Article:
Wall Street Mess Sends PVCI Reeling

If you thought the venture industry was insulated from the ups and downs of Wall Street, think again. I just ran the numbers for the Thomson Reuters Post-Venture Capital Index (PVCI), and they’re the worst they’ve been since September 2001.

The PVCI plummeted 19% to 511.78 for the month ended Sept. 30, down from 631.85 on Aug. 29. That’s the largest monthly percentage plunge since the index declined by 19.41% in September 2001, when terrorists attacked the World Trade Center and sent U.S. financial markets into turmoil.

Separately, the PVCI had a market capitalization of $506 billion on Sept. 30, down 18.5% from $620.5 billion a month earlier. A stunning 509 of the stocks tracked by the PVCI declined in September, while just 99 advanced.

If you’d like to learn more about the PVCI or get a regular update, subscribe to Venture Capital Journal. (Get a free trial here.)  We publish about six pages of data every month, showing the biggest gainers and decliners by sector and by individual company.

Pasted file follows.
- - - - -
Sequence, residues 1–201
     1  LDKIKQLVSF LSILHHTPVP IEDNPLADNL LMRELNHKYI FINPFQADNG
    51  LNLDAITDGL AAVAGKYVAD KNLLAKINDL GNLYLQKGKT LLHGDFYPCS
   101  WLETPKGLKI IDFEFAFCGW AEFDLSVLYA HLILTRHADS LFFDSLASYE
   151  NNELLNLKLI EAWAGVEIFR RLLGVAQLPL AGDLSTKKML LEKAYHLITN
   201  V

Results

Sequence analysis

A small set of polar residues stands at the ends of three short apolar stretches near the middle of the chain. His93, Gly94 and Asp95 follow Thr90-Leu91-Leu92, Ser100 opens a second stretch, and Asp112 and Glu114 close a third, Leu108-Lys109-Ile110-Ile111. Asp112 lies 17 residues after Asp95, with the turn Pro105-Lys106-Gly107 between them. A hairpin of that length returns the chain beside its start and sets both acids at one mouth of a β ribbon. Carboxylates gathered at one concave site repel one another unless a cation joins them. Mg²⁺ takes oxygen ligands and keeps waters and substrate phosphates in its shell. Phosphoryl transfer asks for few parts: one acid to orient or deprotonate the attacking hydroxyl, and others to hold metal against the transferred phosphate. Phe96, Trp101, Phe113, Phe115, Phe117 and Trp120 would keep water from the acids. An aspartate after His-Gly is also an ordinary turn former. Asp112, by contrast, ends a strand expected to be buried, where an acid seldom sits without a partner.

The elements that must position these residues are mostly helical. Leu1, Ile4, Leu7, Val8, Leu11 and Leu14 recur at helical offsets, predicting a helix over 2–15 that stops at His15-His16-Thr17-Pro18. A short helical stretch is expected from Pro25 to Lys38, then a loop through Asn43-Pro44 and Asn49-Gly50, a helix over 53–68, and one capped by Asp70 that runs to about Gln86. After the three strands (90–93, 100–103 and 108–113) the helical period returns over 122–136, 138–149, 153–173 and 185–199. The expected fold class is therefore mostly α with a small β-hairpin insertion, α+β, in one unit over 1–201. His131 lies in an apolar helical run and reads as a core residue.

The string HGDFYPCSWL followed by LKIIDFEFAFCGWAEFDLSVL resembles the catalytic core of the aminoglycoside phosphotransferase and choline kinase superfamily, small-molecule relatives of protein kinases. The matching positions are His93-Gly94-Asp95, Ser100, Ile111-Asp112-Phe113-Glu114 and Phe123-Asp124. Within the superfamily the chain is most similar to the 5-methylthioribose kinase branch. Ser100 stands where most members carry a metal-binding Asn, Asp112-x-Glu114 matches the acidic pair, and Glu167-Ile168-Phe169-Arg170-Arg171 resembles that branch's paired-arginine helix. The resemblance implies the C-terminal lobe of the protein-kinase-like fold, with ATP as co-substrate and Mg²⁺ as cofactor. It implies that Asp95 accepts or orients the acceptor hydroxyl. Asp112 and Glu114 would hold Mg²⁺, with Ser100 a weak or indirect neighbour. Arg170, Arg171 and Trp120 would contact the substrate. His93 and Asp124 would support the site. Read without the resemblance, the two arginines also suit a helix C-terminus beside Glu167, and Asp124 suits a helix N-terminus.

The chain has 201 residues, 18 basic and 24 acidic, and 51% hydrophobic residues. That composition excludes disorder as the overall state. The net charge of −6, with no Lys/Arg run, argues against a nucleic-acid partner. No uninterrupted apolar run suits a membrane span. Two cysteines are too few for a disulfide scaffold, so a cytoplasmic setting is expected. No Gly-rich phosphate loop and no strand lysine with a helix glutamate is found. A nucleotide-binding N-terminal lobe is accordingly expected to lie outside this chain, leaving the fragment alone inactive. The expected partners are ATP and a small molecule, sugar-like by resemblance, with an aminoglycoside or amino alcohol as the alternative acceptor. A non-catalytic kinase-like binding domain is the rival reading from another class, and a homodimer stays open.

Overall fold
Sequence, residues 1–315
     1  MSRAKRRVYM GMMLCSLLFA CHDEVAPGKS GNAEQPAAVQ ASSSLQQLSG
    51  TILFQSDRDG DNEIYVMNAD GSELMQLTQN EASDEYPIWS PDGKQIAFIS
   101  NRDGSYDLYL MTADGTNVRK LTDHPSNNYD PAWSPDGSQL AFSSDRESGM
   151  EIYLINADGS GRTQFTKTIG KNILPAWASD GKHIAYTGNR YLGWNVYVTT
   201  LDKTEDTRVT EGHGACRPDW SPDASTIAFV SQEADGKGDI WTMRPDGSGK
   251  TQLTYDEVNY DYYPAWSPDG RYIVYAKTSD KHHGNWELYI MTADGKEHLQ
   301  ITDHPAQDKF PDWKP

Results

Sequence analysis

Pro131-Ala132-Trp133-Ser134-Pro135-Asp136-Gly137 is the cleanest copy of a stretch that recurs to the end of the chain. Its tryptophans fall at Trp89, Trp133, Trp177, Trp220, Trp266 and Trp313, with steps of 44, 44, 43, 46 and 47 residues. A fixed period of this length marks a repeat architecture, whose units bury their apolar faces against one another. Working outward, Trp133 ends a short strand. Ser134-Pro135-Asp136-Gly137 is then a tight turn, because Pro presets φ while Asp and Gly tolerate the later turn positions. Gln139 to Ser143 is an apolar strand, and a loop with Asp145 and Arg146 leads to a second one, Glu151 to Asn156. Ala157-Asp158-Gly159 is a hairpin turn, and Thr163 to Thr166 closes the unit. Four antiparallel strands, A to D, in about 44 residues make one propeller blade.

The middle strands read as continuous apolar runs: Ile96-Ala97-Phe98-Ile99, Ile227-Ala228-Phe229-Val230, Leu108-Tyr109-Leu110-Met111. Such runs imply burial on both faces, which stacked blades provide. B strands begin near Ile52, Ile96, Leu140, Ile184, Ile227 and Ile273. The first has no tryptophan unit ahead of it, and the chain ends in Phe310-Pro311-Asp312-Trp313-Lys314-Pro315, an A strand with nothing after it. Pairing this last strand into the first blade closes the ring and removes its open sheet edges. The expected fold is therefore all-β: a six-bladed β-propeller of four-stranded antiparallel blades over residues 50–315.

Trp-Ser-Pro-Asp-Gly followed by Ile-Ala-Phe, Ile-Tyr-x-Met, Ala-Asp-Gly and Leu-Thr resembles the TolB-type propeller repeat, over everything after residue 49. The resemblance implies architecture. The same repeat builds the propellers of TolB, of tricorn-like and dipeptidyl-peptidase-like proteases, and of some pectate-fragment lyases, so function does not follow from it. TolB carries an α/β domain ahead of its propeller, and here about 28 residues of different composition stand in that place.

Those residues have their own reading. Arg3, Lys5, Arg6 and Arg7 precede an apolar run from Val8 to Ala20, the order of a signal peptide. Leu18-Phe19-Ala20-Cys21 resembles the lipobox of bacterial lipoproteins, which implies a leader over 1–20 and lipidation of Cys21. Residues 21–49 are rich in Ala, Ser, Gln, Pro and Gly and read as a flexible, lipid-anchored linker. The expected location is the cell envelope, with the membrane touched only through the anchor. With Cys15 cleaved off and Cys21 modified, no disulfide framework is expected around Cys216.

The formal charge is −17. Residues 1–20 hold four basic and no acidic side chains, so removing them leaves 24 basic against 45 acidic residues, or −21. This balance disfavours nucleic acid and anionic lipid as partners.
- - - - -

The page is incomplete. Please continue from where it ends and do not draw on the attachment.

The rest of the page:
For those unfamiliar with the PVCI, here’s the boilerplate description:

“The Thomson Reuters Post-Venture Capital Index (PVCI) is a market-valued index that measures the performance of public stocks of companies that have received financing from a U.S. venture capital firm or buyouts limited partnership prior to going public. The index, which was comprised of 608 companies as of Sept. 30, seeks to track the universe of venture-backed stocks from the point of going public until publicly traded for 10 years.  Companies remain in the index for 10 years from the IPO date or until price data is no longer available, they are acquired or removed from a publicly traded exchange. The index is calculated daily and does not take into account dividends. It began in January 1986 with an initialized index value of 100.”